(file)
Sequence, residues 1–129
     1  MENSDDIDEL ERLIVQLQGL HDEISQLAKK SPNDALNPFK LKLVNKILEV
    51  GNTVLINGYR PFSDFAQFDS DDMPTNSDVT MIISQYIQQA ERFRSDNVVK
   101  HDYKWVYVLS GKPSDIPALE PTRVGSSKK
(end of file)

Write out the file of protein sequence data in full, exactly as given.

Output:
Sequence, residues 1–129
     1  MENSDDIDEL ERLIVQLQGL HDEISQLAKK SPNDALNPFK LKLVNKILEV
    51  GNTVLINGYR PFSDFAQFDS DDMPTNSDVT MIISQYIQQA ERFRSDNVVK
   101  HDYKWVYVLS GKPSDIPALE PTRVGSSKK